To hide or reveal text, press F11 to open the Styles and Formatting window, and toggle off or on the Hidden box on a style's Font Effects tab for a character or paragraph style (Figure 3). You can either choose part of the document to hide to produce an alternative version or to create a different set of paragraph styles for each version of the document.

Figure 3: The Hidden option in the Paragraph Style dialog.

Whatever method you choose:

  1. Create one set of character and paragraph styles for text that appears in all versions of the document.
  2. Create the common styles needed for each version of the text. For example, in a student quiz with an answer key, you might have one set of styles with names like User-Text Body and Teacher-Text Body. These styles are formatted exactly the same as the common styles, except when you select or unselect Hidden before printing.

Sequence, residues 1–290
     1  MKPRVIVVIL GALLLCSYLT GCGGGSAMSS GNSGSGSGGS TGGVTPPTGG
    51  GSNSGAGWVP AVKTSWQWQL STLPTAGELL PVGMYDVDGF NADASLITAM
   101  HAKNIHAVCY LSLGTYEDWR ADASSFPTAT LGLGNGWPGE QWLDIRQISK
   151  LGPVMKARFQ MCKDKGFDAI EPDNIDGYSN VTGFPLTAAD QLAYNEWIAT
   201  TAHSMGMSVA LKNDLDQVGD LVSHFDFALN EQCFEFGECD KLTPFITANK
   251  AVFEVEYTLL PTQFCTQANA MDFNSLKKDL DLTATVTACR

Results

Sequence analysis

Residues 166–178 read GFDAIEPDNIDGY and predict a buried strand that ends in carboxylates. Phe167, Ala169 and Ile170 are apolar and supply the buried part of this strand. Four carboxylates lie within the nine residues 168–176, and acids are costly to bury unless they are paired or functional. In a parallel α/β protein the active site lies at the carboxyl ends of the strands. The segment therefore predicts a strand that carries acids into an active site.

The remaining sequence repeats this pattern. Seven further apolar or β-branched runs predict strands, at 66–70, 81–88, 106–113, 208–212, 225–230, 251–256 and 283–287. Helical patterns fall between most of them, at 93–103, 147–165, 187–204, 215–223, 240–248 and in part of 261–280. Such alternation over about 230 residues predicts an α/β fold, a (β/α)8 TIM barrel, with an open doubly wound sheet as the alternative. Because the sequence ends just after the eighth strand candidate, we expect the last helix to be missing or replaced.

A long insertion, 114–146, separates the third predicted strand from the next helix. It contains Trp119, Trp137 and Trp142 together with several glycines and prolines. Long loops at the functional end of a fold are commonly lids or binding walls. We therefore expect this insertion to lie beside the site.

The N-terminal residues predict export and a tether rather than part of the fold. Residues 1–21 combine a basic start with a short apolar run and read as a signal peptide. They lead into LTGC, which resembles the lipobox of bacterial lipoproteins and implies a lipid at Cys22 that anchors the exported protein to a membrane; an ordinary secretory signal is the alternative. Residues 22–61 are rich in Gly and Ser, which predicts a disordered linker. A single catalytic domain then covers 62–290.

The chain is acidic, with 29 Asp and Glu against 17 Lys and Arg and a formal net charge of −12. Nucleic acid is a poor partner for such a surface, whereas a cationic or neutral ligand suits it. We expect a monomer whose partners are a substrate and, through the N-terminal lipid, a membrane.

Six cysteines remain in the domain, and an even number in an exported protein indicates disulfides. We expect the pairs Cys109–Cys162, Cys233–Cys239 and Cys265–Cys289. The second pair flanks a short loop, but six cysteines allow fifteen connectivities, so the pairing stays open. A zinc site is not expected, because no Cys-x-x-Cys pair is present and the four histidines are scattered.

3. On the Format | Character | Font Effects tab, toggle Hidden on or off as needed before printing. Notice that spacing above or below a paragraph is hidden along with the text. By contrast, you need to select the space after a string of hidden characters.
  4. After you print a version from a single-source file, uncheck the Hidden box so you can see the complete file the next time you open it.

Hiding Text Using Fields

An alternative but more time-consuming way of single sourcing is to place each passage in its own field. You can either toggle one version of the document on or off or create a separate variable with a unique value for each version of the document. Usually, this second method is practical only for relatively short documents.

The Functions tab of the Fields dialog, reached by clicking Insert | Fields | More Fields (or Other in some versions of LibreOffice Writer) contains several tools that assist with single sourcing (Figure 4): Hidden text, Hidden Paragraph, and Conditional text. Other types of fields exist, but except for Set variable under the Variables tab, they are not relevant to single sourcing.